08 October 2020

an engagement with quibble

Evening Prayer Brunswick heads, 6 October 2020, oil on canvas board, 25 X 20 cm

While preparing some paintings this morning it came to me that I may have been working from a concept instead of a vision. This is an interesting discussion.

I generally don't talk about Vision very much, somehow it seems too lofty an idea. At least it isn't in me to speak about myself using that noun. I would be more comfortable using the word concept when it comes to painting. And yet my hope would be that at least some of my pictures were created out of a vision personal to myself. 

Somehow the idea of concept feels to me a little more mechanical, cerebral even, as in conceptual, whereas vision somehow implies a sense of the mysterious, almost mystical perhaps.

I approached my work the other night with an idea in my head. I wanted to just make very, very quick studies one after the other. In fact, I made 5, one right after the other. I was willing to leave them in a fresh state, unfinished-looking, as if made by a 6 year old. 

I was happy working with this idea in my mind because I  was aware of coming to the session with a concept which I accepted. They were not visionary, but the ensuing work which comes out of it might be in the future. For me, a vision comes through the work but also the intuition which it subsequently engenders over the long haul. In other words, a vision arrives over time from having worked on a motif at length. It arrives because of all the small failures and little adjustments one makes over time.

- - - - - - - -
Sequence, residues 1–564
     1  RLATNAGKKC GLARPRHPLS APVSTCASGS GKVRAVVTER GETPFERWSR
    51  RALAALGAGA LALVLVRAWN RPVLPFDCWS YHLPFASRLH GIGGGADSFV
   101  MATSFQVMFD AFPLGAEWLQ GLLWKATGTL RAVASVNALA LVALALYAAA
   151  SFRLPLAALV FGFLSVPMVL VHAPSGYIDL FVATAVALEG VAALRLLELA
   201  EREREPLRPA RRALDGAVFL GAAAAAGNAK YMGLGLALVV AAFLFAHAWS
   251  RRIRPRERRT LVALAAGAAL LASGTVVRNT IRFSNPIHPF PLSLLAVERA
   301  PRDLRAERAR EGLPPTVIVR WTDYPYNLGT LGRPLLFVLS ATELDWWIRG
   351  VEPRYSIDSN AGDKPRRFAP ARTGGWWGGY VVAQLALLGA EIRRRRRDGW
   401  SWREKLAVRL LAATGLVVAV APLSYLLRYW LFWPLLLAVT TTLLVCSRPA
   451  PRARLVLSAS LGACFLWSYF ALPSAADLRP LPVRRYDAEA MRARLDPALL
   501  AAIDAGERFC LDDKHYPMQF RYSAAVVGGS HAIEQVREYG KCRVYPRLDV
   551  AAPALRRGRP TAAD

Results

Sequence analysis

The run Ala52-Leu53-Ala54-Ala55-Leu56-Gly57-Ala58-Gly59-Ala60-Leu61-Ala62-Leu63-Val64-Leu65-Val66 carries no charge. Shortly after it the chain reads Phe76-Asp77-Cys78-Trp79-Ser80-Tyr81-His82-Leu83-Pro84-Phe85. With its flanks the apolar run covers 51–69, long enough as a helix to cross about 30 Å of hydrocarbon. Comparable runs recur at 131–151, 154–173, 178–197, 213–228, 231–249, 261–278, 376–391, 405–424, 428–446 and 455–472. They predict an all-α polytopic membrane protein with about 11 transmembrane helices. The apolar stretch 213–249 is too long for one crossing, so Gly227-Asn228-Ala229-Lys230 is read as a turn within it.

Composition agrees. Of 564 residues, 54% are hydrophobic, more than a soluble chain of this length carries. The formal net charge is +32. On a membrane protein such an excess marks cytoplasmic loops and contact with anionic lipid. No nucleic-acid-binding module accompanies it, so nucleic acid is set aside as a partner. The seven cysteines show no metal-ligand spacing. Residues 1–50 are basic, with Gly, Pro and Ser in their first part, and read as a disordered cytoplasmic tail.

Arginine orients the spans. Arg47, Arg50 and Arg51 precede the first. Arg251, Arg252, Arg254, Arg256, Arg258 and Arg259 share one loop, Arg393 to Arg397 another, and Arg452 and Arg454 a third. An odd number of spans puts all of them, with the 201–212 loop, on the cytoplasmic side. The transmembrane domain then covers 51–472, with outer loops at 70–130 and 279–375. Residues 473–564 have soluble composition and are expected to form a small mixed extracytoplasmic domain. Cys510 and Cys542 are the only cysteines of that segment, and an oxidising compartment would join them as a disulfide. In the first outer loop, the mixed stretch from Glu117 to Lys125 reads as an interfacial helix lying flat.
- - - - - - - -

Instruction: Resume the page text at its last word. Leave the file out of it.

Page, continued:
The two presented here closely resemble one another. Indeed they were probably done in sequence. Maybe the top one was painted just before the one below judging from the deepening yellow sky.

I am continually drawn to this citron yellow in the late afternoon and just before dusk even considers its arrival. There is this collision between the palest Prussian Blue and the discreet yellow forming under it just over the horizon line. The sea has Prussian blue in it but also Ultramarine too on most sun-kissed afternoons. When I put too much Prussian blue in the sea, I look up again to see the sea suddenly begging me for more Ultramarine and a touch more of Magenta. It needs this for its harmony, for it to be true. So this is the most delicious part of working in front of a changing Nature. And this dialogue with the sky is a visual one and it has engaged me in conversation. That is why I paint from the Natural world. It is an escape from my thinking self.

It is inexplicable to me that people would work from a photograph in order to render Nature. They are missing out on something quite magical. But that is another quibble for another time.

Evening Prayer Brunswick heads, 6 October 2020, oil on canvas board, 25 X 20 cm

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